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THREE WEEKS ago, Iraq yielded to rising international pressure and promised to free all the Western hostages by next March. Now, in the wake of a new United Nations resolution and U.S. threats of war, it says it has plans to free them even sooner.

No one can read the mind of Saddam Hussein, but the Iraqi dictator may be preparing for a period of negotiation, and the freeing of the hostages may be designed to improve the atmosphere for the coming talks. Secretary of State James Baker is going to Baghdad soon for direct talks with Saddam.

Certainly Saddam will be a more credible negotiating partner if he gives up on his barbaric treatment of foreign nationals.

Saddam is also no doubt aware of the strong opposition in Congress to the Bush administration's policy switch from a patient use of economic sanctions to an impatient readiness to use military force. His freeing of the hostages will encourage those who urge patience and buy him more time.

Meanwhile, a potentially important background move is the reported push in the U.N. Security Council for a wide-ranging Middle Eastern peace conference that would include the issue of the Palestinians as well as the seizure of Kuwait. The issues are not connected, but Saddam pretends they are, seeking to become a champion of the Palestinians in the Arab world.

The United States rejects this linkage, although it has not ruled out such a peace conference after Iraq withdraws from Kuwait. It might do some good if it advanced the cause of Palestinian rights and provided guarantees for Israeli security.

The Bush administration interprets the new hope on the hostages as a victory for its strategy, which recently has amounted to a type of brinkmanship. Baker made clear in a Senate hearing that the administration now favored force over economic sanctions and said that if it became necessary to use force, it would be used "suddenly, massively and decisively."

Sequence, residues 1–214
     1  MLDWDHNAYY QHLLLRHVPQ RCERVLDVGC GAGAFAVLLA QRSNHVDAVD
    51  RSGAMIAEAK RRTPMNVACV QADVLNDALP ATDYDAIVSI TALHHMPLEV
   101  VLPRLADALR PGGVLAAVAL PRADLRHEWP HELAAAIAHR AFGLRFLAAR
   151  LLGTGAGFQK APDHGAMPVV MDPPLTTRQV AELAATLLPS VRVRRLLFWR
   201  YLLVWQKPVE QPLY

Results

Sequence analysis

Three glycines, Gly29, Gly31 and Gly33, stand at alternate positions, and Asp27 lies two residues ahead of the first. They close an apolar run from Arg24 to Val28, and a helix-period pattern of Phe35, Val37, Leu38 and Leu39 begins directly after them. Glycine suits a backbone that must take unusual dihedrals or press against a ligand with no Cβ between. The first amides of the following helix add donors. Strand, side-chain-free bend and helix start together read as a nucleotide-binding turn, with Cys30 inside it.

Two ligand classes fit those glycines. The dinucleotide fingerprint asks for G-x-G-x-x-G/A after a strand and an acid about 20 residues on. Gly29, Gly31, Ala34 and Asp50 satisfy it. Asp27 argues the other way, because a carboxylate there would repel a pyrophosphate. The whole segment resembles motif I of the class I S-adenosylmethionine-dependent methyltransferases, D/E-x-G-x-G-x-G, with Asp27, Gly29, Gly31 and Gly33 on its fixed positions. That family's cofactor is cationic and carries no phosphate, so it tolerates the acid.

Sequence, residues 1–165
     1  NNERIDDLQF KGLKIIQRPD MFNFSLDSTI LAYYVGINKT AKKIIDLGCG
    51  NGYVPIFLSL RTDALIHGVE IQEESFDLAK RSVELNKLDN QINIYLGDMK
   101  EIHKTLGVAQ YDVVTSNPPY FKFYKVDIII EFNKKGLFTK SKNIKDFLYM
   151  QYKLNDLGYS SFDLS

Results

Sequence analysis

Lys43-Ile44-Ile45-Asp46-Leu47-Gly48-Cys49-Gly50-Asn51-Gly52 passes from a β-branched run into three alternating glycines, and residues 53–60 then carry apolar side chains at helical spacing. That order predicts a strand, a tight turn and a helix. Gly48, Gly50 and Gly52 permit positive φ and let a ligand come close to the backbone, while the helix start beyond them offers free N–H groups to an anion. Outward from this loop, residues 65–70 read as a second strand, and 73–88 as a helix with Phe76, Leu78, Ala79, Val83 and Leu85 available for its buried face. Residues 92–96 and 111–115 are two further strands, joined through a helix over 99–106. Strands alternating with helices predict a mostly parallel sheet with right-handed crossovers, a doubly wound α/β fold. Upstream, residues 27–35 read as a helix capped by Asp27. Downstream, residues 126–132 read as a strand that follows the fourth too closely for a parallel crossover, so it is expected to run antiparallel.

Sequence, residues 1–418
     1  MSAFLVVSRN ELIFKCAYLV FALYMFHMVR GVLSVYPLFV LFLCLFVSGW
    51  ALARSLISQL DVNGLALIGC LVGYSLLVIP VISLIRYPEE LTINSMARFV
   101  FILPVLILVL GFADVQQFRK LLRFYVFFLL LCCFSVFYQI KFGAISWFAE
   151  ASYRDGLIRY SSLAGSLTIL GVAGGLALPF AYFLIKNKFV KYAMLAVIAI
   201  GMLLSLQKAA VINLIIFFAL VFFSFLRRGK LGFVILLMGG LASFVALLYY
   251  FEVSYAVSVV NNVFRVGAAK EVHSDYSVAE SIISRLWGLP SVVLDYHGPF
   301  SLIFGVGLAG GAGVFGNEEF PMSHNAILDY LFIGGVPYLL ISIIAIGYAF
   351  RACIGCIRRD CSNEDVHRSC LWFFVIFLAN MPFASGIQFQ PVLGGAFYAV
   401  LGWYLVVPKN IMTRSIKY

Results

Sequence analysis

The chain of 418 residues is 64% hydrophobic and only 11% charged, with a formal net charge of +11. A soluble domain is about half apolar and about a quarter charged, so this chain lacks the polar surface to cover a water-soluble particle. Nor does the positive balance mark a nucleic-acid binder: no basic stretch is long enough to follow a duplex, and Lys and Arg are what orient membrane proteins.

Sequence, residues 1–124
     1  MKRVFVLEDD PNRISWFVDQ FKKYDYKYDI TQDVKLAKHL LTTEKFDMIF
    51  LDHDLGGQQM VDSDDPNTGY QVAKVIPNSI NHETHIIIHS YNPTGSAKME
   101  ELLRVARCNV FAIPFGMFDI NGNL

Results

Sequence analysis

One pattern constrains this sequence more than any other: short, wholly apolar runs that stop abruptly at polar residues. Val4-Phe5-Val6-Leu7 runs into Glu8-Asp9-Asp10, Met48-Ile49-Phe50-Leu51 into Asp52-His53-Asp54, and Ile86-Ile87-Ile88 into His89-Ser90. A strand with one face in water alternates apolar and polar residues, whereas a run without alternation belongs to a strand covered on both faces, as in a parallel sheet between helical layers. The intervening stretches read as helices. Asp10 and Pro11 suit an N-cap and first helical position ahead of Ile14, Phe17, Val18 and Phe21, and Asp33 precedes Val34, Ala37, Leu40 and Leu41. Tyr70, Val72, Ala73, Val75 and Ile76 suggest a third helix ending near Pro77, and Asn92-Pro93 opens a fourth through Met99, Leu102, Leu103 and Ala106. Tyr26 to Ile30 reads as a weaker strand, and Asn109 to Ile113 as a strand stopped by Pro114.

The administration may, indeed, have succeeded in scaring Saddam with its belligerent talk, but that is still no justification for its sudden shift in policy. It is also possible that the sanctions themselves, and the remarkable international unity against Iraq's agression that the sanctions signify, are putting on meaningful pressure.

The congressional hearings may prove to be a turning point in the crisis, since they have made starkly clear how divided the Congress and nation are on the war issue.

Witnesses with the highest credentials have repeatedly stressed that the sanctions should be given more time to work. William H. Webster, director of the Central Intelligence Agency, said Iraqi military effectiveness would be eroded by the sanctions over a three- to nine-month period.

Whatever the immediate reason for it, Saddam's statement that he is ready to free Western hostages suggests he is beginning to feel the real shakiness of his position.

That is exactly what the United States wants. Meanwhile, keeping the international coalition together, enforcing the embargo and keeping a credible force in Saudi Arabia are the right steps to continue taking -- and impatience must not be allowed to ignite a war that could, in the end, prove unnecessary.

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